The Solicitors Regulation Authority (SRA) will be able to formally rebuke solicitors and fine them up to £2,000 from next month, it has been confirmed.
However, the potential conflict between the civil standard of proof that will be applied in such cases and the criminal standard used by the Solicitors Disciplinary Tribunal (SDT) – which will hear appeals against SRA decisions – has not yet been resolved and is likely to require further work.
The Legal Services Board (LSB) has approved the SRA’s new disciplinary rules, which will come into force on 1 June 2010. They will apply only to matters where the act or omission giving rise to the SRA finding occurs wholly after 1 June 2010. Both rebukes and fines, which can be ordered together, may be published by the SRA.
The new powers allow the SRA to take action against solicitors for lower-level misconduct which until now it had to refer to the SDT to ensure a financial penalty and/or a sanction in the public domain. Though in theory it should reduce the SDT’s workload – which has been steadily rising – this could be cancelled out by solicitors appealing SRA decisions.
However, the question of the standard of proof has dogged efforts to introduce the rules for 18 months, with the Law Society, SDT and former Master of the Rolls Lord Clarke all arguing that case law required that the criminal standard be used for solicitor disciplinary proceedings.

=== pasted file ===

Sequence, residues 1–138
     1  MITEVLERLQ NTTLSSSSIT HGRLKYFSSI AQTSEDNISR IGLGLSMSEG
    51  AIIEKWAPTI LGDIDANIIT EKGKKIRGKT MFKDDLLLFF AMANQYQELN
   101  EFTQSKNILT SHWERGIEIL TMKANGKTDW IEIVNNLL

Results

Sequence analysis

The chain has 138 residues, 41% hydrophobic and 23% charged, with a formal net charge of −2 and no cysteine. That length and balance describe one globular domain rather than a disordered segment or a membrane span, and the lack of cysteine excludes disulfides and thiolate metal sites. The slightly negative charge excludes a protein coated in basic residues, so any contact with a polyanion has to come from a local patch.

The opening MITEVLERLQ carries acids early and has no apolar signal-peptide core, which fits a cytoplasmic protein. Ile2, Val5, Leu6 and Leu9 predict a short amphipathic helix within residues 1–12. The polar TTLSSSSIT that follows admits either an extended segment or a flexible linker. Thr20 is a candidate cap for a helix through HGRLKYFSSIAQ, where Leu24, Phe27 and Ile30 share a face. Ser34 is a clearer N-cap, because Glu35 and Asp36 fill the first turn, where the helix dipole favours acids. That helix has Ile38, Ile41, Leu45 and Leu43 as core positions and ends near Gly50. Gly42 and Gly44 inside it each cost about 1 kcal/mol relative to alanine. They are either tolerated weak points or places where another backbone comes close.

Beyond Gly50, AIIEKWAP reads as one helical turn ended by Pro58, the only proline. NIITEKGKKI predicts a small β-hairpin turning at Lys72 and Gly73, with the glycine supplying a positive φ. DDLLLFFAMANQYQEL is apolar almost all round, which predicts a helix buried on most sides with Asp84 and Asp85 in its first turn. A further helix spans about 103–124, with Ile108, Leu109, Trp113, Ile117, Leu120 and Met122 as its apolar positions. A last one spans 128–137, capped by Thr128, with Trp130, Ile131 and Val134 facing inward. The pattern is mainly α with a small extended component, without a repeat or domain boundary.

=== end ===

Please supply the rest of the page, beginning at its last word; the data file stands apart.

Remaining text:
In its decision notice approving the rule change, the LSB said it was satisfied that the SRA had made out a clear and rational policy position, as it had found that the civil standard is used across other professions, including notably the General Medical Council, General Dental Council, General Social Care Council, Nursing and Midwifery Council, General Teaching Council, and Chartered Institute of Public Finance and Accountancy. It has also been adopted by another legal regulator, ILEX Professional Standards. The LSB said it had further received reassurance from the SRA that the rules are legal.
However, the risk of regulatory conflict remains and the LSB said the SRA has a statutory duty to ensure that any practical implementation issues which may arise should the SDT hear appeals under a different standard of proof are “sufficiently resolved”. It continued: “In particular, we would expect that there would not be detriment to the accused, for example by being required to incur the cost and delay of progressing an appeal hearing before the SDT if it were apparent in advance that the appeal would be upheld as the case had not originally been made to the higher standard of proof.”
This arguably sounds like the SRA would have to deal with cases on the criminal standard by default, but the LSB said it anticipates the SRA dealing with the potential conflict initially on a case-by-case basis. “We understand from the SDT that there are few hearings before it where the standard of proof plays a significant factor. In many disciplinary matters the facts are not contested and are decided on the documents. Therefore, we are content to approve the rules on the basis that the risk of potential conflict causing unfairness for the defendant is small.”
But it predicted that a case-by-case approach may not provide a “suitable long-term solution” to the problem. “We therefore expect the SRA to review the position, in discussion with the SDT, when there have been sufficient cases to generate data to build a picture of the impact in practice. We will ask the SRA and SDT to identify the optimal timing for such a review and ensure that its scope enables both bodies to identify and make any necessary changes to their procedures arising from its lessons.”